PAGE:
Ever had a tune stuck in your head? A song that comes to mind and then goes on repeat, outside of your control? Welcome to the world of the earworm! What can we learn about music provision from this experience?

Thanks to a collaboration with BBC Radio 6 Music myself and a team of researchers were able to collect thousands of reports about earworms and analyse them to discover what songs become earworms, what triggers them in our daily lives, and – most importantly for me – what helps us expunge them from our inner ear.

In the last 10 years, research and our understanding of these issues has grown significantly; the world of our musical imaginations is beginning to give up its secrets. A recent review of earworm research by Lassi Liikkanen and Kelly Jakubowski noted that:

  • Musical training may extend the duration of earworms episodes almost threefold, but to date there are no other relationships with individual differences like age, gender identity, or personality. Over 90% of people get earworms now and again. 

Ultimately what emerges as an earworm comes from our musical memory bank. That wonderful store of comforting musical treats that we can wrap ourselves in for relief and security has the potential and the inclination at times to go rogue and throw out a memory trace that gets embedded in our conscious experience. It might be a nice snippet that we like; it is possible to enjoy an earworm! But the majority of the time the tune becomes an irritation.  

I often get asked by companies to reveal the secret to a ‘sticky tune’. They want to know how they might embed music in consumers’ minds so that their product or service is at the top of their agenda. It might sound like a great idea at first glance but the key to making the most of our powerful musical memories in the commercial sphere is to embrace it not abuse it.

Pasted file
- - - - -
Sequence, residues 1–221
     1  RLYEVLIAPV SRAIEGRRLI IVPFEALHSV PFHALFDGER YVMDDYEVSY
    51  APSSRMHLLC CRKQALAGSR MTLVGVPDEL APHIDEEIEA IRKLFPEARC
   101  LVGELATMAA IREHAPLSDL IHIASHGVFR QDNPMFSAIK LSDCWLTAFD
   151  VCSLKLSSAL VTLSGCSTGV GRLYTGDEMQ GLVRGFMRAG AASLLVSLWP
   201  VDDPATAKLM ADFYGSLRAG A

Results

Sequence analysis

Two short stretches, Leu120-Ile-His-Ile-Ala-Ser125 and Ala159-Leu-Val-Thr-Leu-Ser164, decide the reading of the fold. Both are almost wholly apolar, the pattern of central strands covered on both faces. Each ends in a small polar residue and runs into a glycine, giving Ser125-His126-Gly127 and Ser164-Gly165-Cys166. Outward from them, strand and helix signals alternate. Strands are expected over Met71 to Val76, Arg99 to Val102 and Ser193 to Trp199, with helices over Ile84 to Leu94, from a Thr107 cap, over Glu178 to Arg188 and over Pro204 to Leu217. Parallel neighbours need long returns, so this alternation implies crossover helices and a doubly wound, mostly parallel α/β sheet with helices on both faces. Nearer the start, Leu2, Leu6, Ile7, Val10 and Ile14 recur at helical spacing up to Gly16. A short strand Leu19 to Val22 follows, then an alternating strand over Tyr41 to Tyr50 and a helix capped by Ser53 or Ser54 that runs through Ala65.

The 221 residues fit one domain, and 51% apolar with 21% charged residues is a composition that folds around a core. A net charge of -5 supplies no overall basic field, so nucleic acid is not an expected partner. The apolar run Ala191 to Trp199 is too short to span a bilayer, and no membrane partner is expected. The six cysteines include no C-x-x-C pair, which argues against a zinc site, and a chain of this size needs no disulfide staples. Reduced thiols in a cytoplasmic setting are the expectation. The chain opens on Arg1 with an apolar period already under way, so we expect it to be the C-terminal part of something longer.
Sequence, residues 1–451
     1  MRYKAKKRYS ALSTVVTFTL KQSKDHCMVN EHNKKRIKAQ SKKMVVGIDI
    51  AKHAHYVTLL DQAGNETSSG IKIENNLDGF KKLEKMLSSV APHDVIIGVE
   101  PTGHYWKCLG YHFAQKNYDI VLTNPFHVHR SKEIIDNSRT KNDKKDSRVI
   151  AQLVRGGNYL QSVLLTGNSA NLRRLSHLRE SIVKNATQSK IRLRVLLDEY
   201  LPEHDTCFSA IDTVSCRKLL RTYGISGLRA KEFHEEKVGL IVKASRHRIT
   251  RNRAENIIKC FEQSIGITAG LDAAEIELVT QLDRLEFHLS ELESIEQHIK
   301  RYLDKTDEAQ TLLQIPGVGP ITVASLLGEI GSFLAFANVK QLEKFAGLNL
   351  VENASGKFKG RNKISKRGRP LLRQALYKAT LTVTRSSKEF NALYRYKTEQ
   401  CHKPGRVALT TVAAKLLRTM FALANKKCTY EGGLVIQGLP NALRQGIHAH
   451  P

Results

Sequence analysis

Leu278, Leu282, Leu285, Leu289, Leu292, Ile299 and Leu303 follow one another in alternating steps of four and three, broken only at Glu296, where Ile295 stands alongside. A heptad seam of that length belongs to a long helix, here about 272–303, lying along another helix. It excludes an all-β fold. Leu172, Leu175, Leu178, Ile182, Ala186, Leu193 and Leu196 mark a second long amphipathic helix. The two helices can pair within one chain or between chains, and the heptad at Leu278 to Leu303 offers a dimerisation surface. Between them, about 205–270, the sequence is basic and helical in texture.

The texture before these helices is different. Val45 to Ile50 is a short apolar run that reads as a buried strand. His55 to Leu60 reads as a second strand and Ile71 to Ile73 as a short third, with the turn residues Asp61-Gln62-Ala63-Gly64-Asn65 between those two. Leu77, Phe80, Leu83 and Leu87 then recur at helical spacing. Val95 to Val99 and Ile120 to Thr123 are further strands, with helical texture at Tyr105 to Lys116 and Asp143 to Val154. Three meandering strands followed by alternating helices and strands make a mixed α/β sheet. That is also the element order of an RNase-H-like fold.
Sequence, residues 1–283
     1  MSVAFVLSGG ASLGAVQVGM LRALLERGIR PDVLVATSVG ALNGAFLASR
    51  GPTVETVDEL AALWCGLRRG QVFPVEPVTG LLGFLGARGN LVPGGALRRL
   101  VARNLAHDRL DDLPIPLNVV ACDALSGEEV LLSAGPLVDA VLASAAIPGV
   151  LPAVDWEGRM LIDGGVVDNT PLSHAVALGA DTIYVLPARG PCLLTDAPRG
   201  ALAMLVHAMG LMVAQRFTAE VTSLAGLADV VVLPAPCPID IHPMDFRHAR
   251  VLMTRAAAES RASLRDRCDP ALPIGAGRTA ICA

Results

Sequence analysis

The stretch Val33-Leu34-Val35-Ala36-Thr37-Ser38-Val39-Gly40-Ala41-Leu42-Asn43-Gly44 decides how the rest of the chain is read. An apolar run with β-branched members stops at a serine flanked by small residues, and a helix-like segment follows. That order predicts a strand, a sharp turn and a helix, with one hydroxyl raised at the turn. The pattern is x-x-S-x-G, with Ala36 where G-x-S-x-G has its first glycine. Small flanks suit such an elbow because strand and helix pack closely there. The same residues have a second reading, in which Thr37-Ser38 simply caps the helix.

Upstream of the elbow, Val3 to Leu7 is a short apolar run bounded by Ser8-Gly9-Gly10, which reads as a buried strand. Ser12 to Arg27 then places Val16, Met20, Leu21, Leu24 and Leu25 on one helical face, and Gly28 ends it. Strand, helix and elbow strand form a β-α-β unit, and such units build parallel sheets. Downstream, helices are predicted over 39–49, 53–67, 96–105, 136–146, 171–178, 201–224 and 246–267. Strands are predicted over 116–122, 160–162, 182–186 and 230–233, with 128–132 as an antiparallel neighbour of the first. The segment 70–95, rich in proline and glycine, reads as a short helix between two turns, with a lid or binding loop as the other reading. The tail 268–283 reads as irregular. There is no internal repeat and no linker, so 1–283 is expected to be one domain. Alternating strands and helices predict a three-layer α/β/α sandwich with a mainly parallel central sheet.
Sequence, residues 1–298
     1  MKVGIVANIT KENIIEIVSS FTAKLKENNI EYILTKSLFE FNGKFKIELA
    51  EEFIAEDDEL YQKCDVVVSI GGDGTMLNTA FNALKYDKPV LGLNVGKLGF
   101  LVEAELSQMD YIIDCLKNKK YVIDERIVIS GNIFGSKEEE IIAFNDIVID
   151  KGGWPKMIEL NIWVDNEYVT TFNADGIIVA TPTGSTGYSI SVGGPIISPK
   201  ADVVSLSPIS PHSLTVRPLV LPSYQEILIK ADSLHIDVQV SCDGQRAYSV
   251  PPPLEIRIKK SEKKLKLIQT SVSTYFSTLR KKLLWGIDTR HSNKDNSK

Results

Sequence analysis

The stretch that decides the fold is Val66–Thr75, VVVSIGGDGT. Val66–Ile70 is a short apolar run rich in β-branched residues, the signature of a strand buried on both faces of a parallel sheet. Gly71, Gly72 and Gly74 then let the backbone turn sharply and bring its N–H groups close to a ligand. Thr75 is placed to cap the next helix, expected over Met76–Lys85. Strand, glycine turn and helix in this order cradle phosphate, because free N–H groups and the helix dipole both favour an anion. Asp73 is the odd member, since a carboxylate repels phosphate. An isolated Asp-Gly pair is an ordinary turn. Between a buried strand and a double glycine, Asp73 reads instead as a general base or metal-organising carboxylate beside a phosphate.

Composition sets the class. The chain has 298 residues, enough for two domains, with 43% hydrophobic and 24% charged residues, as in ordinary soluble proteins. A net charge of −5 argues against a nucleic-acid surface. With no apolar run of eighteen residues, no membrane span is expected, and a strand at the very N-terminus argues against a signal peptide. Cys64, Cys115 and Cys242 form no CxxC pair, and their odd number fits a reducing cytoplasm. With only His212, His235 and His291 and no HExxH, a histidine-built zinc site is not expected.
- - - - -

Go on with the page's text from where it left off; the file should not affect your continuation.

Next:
No-one likes a grating tune; forced mental repetition of any kind isn’t fun, so why would the experience of a bothersome earworm create positive associations with that brand or product? When creating a memorable musical environment it is best to avoid earworm features. Jingles are not the way to create an enduring, valuable music-brand relationship.

So how do we embrace musical memory?

The constructions within our musical memory provide the blueprint for the prediction of a set of tonal, textural and rhythmical features that the consumer is likely to respond to well. By understanding the musical memories that a consumer base is likely to hold in their minds, a brand can create familiar music that  replicates these prized features. Imitation is the sincerest form of flattery and people will linger longer in any environment that goes the extra mile to make the sonic surroundings comfortable.

Playlists can also be based on well-liked music by simply replicating tracks from the average of the collective consumer memory, based on an understanding of consumer profile. But in this case it is important they are the original, veridical tracks. The power of accuracy within our musical memories means that people can spot a poor substitute a mile away. 

Our music memories contain both keys and trapdoors. Knowing the potential of music to shift our psychological state even in the extremes of illness and despair, it is natural to want to bring that positivity to our consumers. In so doing we must be sensitive to the fact that musical memory can please but it can also annoy, especially if you fall down the rabbit hole of creating sticky music. Effective music strategy plays to the strengths of musical memory – not its weaknesses -  in the certain knowledge that customer satisfaction and loyalty will follow.